Computer and Setup
Ensure your computer meets these prerequisites:
- Browser - Google Chrome as a default browser (latest version).
- OS - Windows 10 / OSX 10.14 / Linux 64bit (Debian 9 or Red Hat 8 based distros) / ChromeOS.
- RAM - Recommended minimum of 8 GB RAM.
- CPU - Recommended minimum of Intel i5 / AMD Ryzen 5.
Talkdesk recommends the following:
- We recommend the usage of a 3.5mm jack (analog) type port.
- USB type headset usage is fine but note that this will use computer resources.
- If you use Windows OS, follow the recommended settings for Callbar.
- We do not recommend using a wireless type headset for professional long-term usage for the following reasons:
- The battery level is a factor, a decreased battery decreases the range.
- Wireless headsets suffer from interference from other wireless devices in the area.
- Bad reception or increased latency is common, which could falsely point to a network issue.
Full headset recommendations can be found found here.
Reserve enough bandwidth
- 1Mbps symmetrical connection per device is the rule of thumb.
- Avoid other people using/sharing your bandwidth while you are on call, such as:
- Streaming multimedia content (4K/HD/Full HD Movies).
- Online gaming.
- Downloading large content (e.g., torrents).
- Disable recordings on any DVR / Set-up-Boxes, these can consume bandwidth.
Connection Best Practices
- Connect via Ethernet (> Cat-5E) Cable.
- Avoid using VPN. If you do need to use a VPN, split-tunneling must be configured in order to ensure that all Callbar's traffic is routed directly to the internet instead of through the VPN.
- Set the following DNS servers (if possible):
- Primary DNS - 188.8.131.52
- Secondary DNS - 184.108.40.206
If you can't use ethernet
- If your computer doesn't have an ethernet port, you can buy a USB Ethernet adaptor.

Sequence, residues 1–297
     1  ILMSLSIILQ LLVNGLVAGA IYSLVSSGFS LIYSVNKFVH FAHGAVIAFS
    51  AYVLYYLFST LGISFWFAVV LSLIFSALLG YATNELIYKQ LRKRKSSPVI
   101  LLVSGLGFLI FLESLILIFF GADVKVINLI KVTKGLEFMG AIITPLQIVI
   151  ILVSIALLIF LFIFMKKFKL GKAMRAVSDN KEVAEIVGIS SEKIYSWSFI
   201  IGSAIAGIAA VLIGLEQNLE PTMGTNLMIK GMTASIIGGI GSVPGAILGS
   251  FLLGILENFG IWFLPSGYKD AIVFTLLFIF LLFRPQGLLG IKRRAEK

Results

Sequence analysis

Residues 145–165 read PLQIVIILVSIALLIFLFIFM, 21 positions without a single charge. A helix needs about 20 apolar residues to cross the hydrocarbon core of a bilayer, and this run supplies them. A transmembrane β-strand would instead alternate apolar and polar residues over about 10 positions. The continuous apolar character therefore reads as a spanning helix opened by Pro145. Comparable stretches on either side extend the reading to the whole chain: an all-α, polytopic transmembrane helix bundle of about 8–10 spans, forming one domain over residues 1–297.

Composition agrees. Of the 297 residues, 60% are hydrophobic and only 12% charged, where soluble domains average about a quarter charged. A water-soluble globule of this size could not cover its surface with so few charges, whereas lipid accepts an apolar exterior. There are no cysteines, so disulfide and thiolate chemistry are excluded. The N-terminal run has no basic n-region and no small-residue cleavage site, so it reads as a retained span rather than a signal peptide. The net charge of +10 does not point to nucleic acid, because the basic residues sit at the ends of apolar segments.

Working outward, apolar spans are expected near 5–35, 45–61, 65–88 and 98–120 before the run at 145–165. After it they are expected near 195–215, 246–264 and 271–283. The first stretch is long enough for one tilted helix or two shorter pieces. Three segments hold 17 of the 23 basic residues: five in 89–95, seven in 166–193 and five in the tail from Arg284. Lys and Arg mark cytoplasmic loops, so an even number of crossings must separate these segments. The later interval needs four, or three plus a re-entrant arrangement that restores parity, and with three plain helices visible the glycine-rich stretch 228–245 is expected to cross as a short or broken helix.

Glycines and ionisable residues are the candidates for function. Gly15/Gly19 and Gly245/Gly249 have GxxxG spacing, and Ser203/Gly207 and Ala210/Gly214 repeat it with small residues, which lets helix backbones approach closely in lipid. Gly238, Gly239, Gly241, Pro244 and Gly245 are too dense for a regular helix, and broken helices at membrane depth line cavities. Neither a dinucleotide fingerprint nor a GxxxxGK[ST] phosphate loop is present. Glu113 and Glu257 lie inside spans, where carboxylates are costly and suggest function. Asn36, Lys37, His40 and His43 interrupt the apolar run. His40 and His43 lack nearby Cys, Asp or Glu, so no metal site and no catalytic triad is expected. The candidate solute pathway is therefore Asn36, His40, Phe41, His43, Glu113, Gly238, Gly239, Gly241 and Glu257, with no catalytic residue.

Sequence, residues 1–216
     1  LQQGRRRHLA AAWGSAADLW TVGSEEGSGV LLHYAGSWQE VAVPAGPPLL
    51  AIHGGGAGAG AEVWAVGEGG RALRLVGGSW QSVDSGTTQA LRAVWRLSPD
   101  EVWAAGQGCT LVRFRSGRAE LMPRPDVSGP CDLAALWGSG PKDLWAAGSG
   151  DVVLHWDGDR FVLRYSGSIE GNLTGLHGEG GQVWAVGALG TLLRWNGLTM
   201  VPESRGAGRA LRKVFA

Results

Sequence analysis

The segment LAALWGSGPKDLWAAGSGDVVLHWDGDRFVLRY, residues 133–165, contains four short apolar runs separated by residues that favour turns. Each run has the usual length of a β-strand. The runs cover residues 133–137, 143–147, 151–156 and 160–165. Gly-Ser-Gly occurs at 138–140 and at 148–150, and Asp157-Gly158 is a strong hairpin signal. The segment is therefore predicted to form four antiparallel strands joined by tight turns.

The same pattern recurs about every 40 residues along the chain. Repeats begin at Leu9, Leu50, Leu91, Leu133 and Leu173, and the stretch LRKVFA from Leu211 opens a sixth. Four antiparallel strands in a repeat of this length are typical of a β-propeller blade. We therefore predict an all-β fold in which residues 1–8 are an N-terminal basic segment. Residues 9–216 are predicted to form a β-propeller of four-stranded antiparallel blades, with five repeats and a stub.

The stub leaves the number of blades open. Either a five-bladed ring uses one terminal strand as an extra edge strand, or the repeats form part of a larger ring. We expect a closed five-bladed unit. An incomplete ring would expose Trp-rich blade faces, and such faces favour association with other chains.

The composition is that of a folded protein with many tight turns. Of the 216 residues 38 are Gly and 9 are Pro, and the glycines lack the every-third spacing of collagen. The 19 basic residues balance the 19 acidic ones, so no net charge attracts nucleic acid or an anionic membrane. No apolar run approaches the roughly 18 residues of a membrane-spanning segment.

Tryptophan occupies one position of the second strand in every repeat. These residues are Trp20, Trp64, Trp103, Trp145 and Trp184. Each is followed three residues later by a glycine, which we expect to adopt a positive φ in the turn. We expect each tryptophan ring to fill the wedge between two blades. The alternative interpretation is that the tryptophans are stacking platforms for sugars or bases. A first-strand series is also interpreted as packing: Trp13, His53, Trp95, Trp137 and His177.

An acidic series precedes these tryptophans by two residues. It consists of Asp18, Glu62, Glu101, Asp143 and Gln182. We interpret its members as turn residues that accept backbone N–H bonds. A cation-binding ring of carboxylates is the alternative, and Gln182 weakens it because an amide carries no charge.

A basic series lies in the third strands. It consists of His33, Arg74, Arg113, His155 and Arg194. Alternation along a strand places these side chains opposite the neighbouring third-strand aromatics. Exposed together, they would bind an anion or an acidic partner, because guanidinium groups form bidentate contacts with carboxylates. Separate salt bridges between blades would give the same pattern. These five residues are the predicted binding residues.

- If you don’t have an Ethernet cable long enough or in the same room as your router/switch, a powerline (PLC) adaptor is an option. They will:
- Use the electric sockets in your house to allow you to communicate from room to room.
- Suffer less from interference and they send and receive traffic at the same time (Full-Duplex).
- Only be used for your purpose, not like aerial medium used by Wi-Fi and shared with any other potentially connected devices.
More information on alternatives to WiFi can be found here.
Using WiFi as a last resort
While Wi-Fi offers convenience, it can lack reliability for voice communications as it’s influenced by many factors:
- It does not send and receive traffic at the same time (Half-Duplex) which can affect the jitter, making the voice seem robotic and at times it can increase latency.
- Some Access Point (AP) versions are only able to connect to 1 device in the network at a time (if you use more devices you will have more latency).
- It’s a shared medium, the common 2.4 Ghz band is used by many other home devices and can frequently suffer from signal interferences.
If you are still waiting for an ethernet or PLC adaptor and you still need to use Wi-Fi, please follow these guidelines:
- Use the 5 Ghz band, as opposed to the 2.4 Ghz, this will reduce the range but decrease the probability of environmental interference.
- Connect as few devices as possible, to the same AP, to better concentrate and serve your own.
- Upgrade to a mesh type AP network. It allows reachability from several points in the home and repeats the traffic between the cells. This way the packets are not lost if a specific area is affected.
More information on WiFi usage can be found here.